In the rest of the UK alternative progressive movements are less cohesive and broad. Yet the parts are there. The alternative media is ever growing to create a non-corporate narrative; divestment movements and share activism are encouraging people to stop sponsoring the carbon intense system, with many groups targeting corporate sponsorship – to remove their social licence. There are growing street demonstrations for climate and many planned against austerity, plus there are new alternative co-op models of energy production and visionary ideas such as creating one million climate jobs, powerful as it has connected unions with climate campaigners.

Signs of hope

Arguably, one of the strongest movements is the anti-fracking and climate change direct activism. In the areas under threat from fracking, protection camps have galvanised communities, cutting across the social spectrum and through generations. Overall, you can see the anti-fracking movement’s success as it has all but halted the government’s plans for its fracking revolution.

Like the anti-frackers, the London housing movement is also surging, engaging working class and minorities communities in ways the climate movement needs to.

“London’s housing crisis is affecting a broad range of people, in the last 9 months you have seen particularly working class communities take militant direct action”, Katya Nasim from the Radical Housing Network tells me. She explains how the housing movement surged since the Focus E15 mother’s occupation, then Sweets Way Estate and Guinness Estate, with support from Aylesbury Tenants. She also tells me how it has combined with anti-gentrification and anti-racism struggles like #ReclaimBrixton.

She adds “The militant action has had a galvanising role: for example on the March for Homes demo earlier this year brought people out across tenure. E15 Mums led a march, with many young people challenging London’s high rents to others angry at the injustice of the system.”

Nasim explains how the movement is developing a shared critique. “From the network working closely together it is now articulating clearly that the housing crisis is a problem of capitalism.”

She tells me how the shared work is about practical and emotional solidarity, say in resisting evictions and is connecting online and in occupied spaces.

Like the indyref, the housing movement is also pushing a vision of the future. The Radical Housing Network has called a housing assembly, looking at how we can take back our cities. Nasim and I discuss how this is an obvious connection to the climate movement, to call for properly insulated affordable homes.

The call to reclaim the city connects with the recent election of Ada Colau, a leading housing activist and now the new Mayor of Barcelona, who won leading the democratic citizen platform Barcelona en Comú (Barcelona in Common).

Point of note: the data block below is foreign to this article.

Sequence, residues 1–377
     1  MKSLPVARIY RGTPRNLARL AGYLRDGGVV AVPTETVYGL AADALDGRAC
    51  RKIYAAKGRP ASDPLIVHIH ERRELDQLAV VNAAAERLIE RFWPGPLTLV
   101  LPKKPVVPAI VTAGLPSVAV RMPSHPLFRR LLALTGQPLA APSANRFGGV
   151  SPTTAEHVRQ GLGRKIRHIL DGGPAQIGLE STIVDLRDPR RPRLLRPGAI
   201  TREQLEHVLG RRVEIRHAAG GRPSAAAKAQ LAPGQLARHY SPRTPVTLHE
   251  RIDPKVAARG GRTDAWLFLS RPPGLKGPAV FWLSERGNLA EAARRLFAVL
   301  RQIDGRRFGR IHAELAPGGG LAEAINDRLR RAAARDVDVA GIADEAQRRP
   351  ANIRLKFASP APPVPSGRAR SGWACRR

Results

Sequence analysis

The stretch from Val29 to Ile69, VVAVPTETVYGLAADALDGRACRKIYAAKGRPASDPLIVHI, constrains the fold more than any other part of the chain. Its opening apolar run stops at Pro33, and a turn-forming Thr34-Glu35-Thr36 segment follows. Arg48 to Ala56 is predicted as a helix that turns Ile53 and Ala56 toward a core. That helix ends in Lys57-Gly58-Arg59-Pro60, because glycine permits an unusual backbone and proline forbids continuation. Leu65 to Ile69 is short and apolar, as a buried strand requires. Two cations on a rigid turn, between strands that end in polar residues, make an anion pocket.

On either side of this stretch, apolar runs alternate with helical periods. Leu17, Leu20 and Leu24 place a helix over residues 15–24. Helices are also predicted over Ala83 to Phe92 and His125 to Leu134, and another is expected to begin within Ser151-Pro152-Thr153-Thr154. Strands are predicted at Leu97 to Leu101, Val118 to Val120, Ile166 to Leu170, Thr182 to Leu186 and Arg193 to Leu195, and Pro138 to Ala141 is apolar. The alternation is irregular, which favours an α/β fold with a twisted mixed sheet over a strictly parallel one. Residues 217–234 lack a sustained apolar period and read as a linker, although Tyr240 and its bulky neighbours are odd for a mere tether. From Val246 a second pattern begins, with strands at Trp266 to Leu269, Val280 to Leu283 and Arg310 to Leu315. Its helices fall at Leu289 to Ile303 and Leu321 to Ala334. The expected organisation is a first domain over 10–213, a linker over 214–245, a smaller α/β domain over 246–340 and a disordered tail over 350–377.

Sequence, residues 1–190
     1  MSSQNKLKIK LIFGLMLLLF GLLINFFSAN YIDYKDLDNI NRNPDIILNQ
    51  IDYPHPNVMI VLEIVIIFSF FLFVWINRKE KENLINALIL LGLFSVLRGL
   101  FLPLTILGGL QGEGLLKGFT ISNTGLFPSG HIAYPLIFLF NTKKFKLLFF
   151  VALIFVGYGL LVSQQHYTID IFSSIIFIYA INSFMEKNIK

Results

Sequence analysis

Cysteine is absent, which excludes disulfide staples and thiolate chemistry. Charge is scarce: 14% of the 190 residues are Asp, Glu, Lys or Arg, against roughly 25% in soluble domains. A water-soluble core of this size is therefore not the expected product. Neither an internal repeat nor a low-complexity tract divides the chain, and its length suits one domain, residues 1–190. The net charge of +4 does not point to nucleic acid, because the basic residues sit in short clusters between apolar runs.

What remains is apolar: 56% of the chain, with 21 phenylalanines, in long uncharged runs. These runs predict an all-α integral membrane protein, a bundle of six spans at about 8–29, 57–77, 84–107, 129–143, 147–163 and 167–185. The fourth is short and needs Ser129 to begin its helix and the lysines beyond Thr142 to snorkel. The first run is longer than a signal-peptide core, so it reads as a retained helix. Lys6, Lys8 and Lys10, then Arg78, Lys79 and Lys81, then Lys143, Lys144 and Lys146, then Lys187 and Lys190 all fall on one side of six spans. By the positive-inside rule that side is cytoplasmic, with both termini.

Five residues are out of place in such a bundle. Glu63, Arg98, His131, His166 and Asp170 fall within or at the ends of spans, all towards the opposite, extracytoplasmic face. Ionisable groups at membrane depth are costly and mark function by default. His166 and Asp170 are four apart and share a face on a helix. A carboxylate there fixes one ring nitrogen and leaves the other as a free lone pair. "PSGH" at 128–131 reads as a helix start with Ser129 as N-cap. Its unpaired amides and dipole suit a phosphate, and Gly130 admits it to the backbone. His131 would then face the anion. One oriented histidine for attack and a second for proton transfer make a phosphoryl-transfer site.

“Ada Colau has been an example for the last 5 years as leader of PAH, the platform for people affected by mortgages. She is well respected for fighting very hard and is about creating real change”, Tina Caballero tells me.

We speak on the day before the Spanish elections in late May, and Cabellero is hopeful about a potential Ada Colau victory. Caballero is a member of the new progressive Spanish party Podemos, one of the groups that support Barcelona en Comú and runs on a new participatory model. Podemos will look to build on its platform of popular support to win Spain’s General Elections later this year.

“In 2011 there were unprecedented protests in Spain’s streets, millions of people. But all these movements without political representation cannot bring any lasting or significant change,” Caballero says.

Later the same year, Spaniards went to the polls.

“The same thing happened as here recently, the right wing party won with a majority and that is why Podemos was born. We need a political representation, as this is the only thing we have to influence the 1% - the only thing between the markets and the people.”

Building alliances

Returning focus back to Scotland, it is worth noting that RIC has just joined calls for a new Scottish ‘Syriza style’ left alliance party. For the rest of the UK, Caballero predicts the Conservatives will replicate what the 2011 Spanish government did, attacking rights, attempting to outlaw protests and continue to attack migrants.

Caballero thinks the climate movement should integrate with the other movements for global justice. She gives me the example of how climate and feminism could connect, she is a spokesperson for the Feminist circle of Podemos.

“The feminist notion of sustainability and placing care at the centre of the economy fits perfectly with climate. It means advocating for care for life, and a life worth living is at the centre of the agenda.”

I ask Caballero about the direct democracy processes within Podemos and used in the Squares in 2011. I’m surprised to hear: “We totally borrowed those ideas from the UK, from climate camp.”

If the British climate movement is to succeed, it must draw upon an abundance of ideas, a diversity of tactics and start articulating more clearly a progressive climate future.

This article was originally published here, by Contributoria.